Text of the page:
Few ex-Red Sox remain in the postseason, but the ones who do, are poised to make a serious impact.
- Andrew Miller: Miller has been absolutely lights out this season, for both the Sox and the O’s. He’s put up career-high numbers in virtually every single category. His K% is an insane 42.6%. His BB% is 7%. His opponents’ batting average is just .150. He’s only allowed three home runs over 62.1 innings. He’s been worth 2.3 fWAR, as a reliever!! For his career, he has a bit of a platoon split, and thusly he’s historically been deployed as a LOOGY. However, this season, he’s neutralizing the offensive prowess of both right handed batters and left handed batters with aplomb. This is actually the first postseason he’s ever pitched in, since, as you’ll recall, he was injured throughout the Red Sox’ 2013 postseason run. He’s only pitched in 4.2 innings, but he hasn’t given up a run, and he’s only yielded a single walk and a single hit. He’s also struck out 6 batters over that span. The O’s paid dearly for Miller, as they have up their No. 3 prospect, Eduardo Rodriguez, to acquire Miller’s services, but at seems like it’s been well worth it for the O’s.
- Kelly Johnson: Johnson only had 25 plate appearances with the Sox, and they were abysmal, but he’s worth mentioning because of the magical walk-off hit against the Yankees on September 14th, thereby lowering the O’s magic number to clinch the division to 3. It all served to remind me that he was ever on the Red Sox and that we traded him and Michael Almanzar (who I’d just homer for the Sea Dogs two weeks prior) for Jemile Weeks and Ivan de Jesus. Jemile Weeks was actually surprisingly effective for the Sox in the final month of the season, so it will be interesting to see what the future holds in store for Weeks, the former first-round draft pick.
- John Lackey: From pariah to unlikely playoff hero, Lackey had one of the the franchise’s most remarkable redemption arcs in recent memory, if not ever. Lackey was traded to the Cardinals in the somewhat head-scratching deadline deal for Joe Kelly and Allen Craig. Retrospectively, it’s still kind of perplexing why the Sox made the move. Lackey had hinted he didn’t want to pitch for the major league minimum next season, and he also indicated a desire to be traded to a playoff contender. Taking all that into consideration a move makes some sense, but I can’t help but feel his contract for 2015 could have been restructured and the Sox could have talked him into the notion that they’ll be competitive in 2015. In any case, he’s gone now, and he’s been a major boon for the Redbirds. He wasn’t dominant down the stretch, per se, but he kept them afloat and certainly contributed to the division title. He was, however, positively electric in game 3 of the NLDS against the Dodgers, giving up only one run over 7.0 innings with 8 strikeouts to one walk, earning the win. He’ll likely face Tim Hudson in game three of the NLCS against the Giants.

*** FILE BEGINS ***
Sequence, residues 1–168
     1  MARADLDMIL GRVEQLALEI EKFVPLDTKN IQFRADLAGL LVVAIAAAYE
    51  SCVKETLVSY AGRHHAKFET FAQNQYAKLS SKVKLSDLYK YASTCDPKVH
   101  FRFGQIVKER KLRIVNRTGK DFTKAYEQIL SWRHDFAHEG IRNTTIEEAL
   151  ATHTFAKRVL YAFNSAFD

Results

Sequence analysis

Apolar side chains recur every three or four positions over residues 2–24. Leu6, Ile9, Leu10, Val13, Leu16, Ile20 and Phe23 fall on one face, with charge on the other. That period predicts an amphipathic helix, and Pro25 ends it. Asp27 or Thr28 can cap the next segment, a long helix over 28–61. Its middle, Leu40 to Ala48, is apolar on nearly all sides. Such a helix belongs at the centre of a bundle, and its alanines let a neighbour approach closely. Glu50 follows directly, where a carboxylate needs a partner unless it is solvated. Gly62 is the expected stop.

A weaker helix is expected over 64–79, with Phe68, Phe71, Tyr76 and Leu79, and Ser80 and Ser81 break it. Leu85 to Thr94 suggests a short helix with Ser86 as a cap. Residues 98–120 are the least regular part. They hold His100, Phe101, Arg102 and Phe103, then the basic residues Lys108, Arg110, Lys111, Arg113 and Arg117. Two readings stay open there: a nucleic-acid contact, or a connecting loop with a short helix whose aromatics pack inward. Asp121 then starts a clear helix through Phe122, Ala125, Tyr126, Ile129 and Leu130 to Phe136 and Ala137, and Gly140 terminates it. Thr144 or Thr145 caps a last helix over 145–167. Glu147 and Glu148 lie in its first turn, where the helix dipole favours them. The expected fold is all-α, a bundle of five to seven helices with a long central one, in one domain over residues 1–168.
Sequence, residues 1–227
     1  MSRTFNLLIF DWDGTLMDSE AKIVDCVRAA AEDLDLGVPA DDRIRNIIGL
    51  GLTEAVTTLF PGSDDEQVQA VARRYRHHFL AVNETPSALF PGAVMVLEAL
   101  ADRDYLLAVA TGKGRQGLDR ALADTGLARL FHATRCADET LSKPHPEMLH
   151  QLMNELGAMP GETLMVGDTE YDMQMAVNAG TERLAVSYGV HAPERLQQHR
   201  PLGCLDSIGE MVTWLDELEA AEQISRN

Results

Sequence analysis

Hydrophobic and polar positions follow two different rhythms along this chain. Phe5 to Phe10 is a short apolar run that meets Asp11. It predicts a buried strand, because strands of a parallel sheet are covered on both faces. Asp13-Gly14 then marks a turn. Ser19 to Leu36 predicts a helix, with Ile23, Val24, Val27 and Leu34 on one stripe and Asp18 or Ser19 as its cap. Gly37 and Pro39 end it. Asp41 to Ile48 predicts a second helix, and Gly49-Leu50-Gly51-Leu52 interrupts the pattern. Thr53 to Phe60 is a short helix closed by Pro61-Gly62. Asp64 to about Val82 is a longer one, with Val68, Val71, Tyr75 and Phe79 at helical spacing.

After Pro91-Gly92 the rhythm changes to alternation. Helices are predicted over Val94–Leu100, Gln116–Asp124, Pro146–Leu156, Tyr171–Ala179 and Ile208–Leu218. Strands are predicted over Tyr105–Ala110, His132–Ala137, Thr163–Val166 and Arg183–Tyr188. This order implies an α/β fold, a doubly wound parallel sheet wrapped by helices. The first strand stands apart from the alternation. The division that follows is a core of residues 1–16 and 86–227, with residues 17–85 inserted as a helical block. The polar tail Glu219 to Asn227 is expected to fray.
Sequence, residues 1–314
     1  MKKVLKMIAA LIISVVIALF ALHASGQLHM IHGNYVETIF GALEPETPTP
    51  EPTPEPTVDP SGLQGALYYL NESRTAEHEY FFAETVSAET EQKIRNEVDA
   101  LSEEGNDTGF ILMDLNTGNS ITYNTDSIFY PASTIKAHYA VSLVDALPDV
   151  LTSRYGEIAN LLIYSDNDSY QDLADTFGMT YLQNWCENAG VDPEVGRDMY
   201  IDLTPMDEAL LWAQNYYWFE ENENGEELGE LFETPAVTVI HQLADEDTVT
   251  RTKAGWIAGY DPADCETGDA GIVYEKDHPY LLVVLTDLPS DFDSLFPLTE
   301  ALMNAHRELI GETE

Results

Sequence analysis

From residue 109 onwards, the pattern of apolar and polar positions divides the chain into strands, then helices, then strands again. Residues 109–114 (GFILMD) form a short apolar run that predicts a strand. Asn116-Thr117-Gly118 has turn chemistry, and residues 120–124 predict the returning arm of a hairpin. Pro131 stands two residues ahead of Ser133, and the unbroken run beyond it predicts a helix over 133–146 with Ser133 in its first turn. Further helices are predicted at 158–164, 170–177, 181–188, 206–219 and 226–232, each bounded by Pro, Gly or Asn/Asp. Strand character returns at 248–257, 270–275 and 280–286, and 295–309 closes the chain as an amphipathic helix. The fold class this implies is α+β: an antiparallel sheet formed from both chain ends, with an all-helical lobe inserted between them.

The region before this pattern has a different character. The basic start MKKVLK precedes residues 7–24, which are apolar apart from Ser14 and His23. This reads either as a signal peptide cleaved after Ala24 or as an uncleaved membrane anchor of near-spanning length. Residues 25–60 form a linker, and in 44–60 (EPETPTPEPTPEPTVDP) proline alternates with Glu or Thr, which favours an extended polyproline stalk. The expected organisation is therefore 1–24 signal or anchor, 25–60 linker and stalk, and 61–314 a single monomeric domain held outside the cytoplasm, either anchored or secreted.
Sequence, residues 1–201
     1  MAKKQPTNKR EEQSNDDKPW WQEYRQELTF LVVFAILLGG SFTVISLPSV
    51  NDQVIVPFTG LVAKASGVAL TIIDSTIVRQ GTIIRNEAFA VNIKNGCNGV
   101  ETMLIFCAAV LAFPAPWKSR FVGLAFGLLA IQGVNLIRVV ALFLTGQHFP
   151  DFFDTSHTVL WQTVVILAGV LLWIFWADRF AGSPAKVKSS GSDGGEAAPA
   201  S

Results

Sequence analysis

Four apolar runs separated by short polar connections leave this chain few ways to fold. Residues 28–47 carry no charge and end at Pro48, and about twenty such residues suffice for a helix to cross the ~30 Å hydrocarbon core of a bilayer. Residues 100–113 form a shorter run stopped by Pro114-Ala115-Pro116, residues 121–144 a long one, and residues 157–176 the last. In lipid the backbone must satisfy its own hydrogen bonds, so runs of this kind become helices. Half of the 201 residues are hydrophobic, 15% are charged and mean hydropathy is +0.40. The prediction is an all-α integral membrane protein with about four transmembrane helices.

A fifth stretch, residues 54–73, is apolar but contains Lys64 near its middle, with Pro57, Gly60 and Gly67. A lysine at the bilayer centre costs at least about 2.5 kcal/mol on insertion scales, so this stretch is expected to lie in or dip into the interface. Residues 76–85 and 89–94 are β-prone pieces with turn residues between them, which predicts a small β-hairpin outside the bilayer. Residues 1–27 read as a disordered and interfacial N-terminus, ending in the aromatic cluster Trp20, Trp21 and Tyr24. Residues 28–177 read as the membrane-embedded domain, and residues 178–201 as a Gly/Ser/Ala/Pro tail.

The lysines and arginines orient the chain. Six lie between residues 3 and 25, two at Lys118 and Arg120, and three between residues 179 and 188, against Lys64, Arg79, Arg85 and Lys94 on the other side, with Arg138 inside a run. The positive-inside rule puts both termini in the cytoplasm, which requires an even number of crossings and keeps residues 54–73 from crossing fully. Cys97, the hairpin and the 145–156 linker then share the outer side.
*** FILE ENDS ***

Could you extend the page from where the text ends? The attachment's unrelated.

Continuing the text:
- Jake Peavy: Peavy has arguably been the difference-maker for the San Francisco Giants. One could imagine that without Peavy the Giants would not have made it to the postseason. Peavy, who had been having a mostly mediocre season up until the trade (or was it? Check out my huge piece on Peavy’s constant evolution: https://firebrandal.com/boston-red-sox/tale-two-maybe-three-peavys.html), regressed back to the mean with the Giants. He went 6-4 with a 2.17 ERA over 78.2 innings. He posted his best FIP (3.03) since 2009, in his 78.2 innings with the Giants. He also put up the best BB% since 2011 (1.94), which is actually the second best BB% of his career (in 2011 he posted the best BB% of his career: 1.93). The Sox received Edwin Escobar, the Giants’ #2 prospect and an MLB.com Top 100 prospect (#75), along with the Giants’ #11 prospect, Heath Hembree, in exchange for Peavy. All in all, this was a pretty equitable exchange. Peavy will have his work cut out for him against the Cards, as he’s been living in the strike zone quite a bit this season (as we just established), and he hasn’t been striking guys out as much. His success has come from limiting home runs and free passes, but the Cards have the third highest zone contact percentage, at 89.6%, so without swing and miss stuff and with a middling defense behind him, Peavy will be navigating stormy waters. Fortunately for him, however, he’ll be pitching game three at home, in AT&T park, one of the most pitcher-friendly parks in the majors.
It’s fun to see some old faces still hanging around deep into October, and considering the return the Sox got for some of these guys, one can’t help but feel pleased with how well things turned out for all parties involved. It’s nice to see a win-win, sometimes. Only time will tell, though, how this really plays out for the Sox. Hopefully these new faces will lead the sox back to the postseason before too long.